Although politicians and pundits spend much time pontificating and wringing their collective hands over how quickly Danish society appears to be falling apart, a German study found that is not the case at all.
Using what was called a 'scientific formula' to rank 34 western countries, the study by the Bertelsmann Foundation ranked Denmark number one in societal cohesion, closely followed by the other Nordic countries.
Dimensions including people's social network, trust in others, confidence in social and political institutions, willingness to help others and participation in public activities were examined.
The reason for Denmark attaining the top spot, according to the study, is the country's strong welfare model.
“The Nordic countries have the strong welfare state in common, which redistributes wealth and creates equal opportunity,” reads the report. “The quality of institutions is also high, all of which seem to be success factors contributing to unity in the Nordic countries.”
The study found that prosperity, equitable income distribution and technological progreess were the three most important conditions promoting a cohesive society.
Following the Nordic countries on the list were New Zealand, Australia, Canada, and the United States. The study's authors concluded that those countries' high prosperity levels helped pull people together. Southern and eastern European countries finished at the bottom of the list.
Although immigration is often blamed for weakening a country’s sense of cohesion, the German study actually indicated that immigration had a small but positive effect in uniting a populace.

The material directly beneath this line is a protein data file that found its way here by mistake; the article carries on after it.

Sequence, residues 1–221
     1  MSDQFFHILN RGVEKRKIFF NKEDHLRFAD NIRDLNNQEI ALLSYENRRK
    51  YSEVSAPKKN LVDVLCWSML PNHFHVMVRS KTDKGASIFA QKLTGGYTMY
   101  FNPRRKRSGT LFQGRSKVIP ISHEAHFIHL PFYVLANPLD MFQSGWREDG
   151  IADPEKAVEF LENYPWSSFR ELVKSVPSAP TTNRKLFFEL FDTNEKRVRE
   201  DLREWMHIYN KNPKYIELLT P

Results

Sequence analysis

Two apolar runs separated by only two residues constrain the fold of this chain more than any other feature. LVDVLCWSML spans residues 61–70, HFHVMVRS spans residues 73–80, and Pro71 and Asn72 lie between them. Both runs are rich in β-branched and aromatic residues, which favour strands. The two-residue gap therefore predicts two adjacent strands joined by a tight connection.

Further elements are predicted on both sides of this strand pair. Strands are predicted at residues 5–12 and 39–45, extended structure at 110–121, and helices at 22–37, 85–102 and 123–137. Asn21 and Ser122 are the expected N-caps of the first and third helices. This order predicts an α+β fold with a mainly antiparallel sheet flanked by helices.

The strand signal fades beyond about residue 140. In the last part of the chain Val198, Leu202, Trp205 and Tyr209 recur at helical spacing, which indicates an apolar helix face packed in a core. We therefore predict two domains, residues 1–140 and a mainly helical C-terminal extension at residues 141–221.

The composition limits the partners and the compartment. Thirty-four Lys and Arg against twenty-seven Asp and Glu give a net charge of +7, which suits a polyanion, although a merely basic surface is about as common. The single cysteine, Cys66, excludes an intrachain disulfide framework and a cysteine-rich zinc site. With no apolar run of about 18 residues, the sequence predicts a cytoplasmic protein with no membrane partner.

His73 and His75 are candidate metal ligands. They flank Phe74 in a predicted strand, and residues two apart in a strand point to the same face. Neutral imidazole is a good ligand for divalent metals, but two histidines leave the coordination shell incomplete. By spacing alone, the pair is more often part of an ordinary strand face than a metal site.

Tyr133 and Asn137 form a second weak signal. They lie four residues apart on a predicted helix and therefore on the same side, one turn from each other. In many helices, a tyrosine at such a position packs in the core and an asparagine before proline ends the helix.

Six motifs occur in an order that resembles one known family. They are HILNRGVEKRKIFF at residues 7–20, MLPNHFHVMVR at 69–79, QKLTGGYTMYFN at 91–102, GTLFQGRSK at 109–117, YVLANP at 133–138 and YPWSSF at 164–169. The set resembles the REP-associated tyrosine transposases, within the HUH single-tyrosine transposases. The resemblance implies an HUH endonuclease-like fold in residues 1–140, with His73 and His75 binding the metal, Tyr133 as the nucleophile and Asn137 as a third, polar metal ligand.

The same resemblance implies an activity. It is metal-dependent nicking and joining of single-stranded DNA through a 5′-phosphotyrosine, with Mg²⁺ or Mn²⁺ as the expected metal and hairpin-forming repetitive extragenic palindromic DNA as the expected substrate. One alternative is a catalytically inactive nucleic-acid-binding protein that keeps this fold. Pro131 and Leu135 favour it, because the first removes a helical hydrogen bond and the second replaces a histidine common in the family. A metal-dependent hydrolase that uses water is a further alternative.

"The greater the proportion of immigrants, the greater the societal unity," reads the report.
Countries with a strong history of immigration like the US and Canada measured above average on the unity scale.
While Denmark rated poorly for 'acceptance of diversity', it ranked high in having a sense of national identity.
Søren Espersen of the right-wing Dansk Folkeparti attributed Denmark’s top marks to economic security but said that the positive effect of immigration on society was debatable.
"If you asked Danes if they consider Islam a threat to the Danish cohesion, I am pretty sure that I can guess what the answer would be," Espersen told Berlingske.
Religion as a whole seemed to hurt, rather than help, the sense of unity in society.
“Those societies that called themselves highly religious seemed to lack strong cohesion, while things like globalisation, ethnic diversity and a culture of competition – which are often thought to undermine a society – actually seem to create unity,” the report stated.
As if the high marks in the German study weren’t enough, something called 'The Mauvist Revolution' also gave Denmark a number one rating on its list of the top 'Mauvist nations'. According to its website, Mauvist countries are those that focus on “equality, justice for all, a renewed affinity with nature, genuine participatory democracy and human rights”.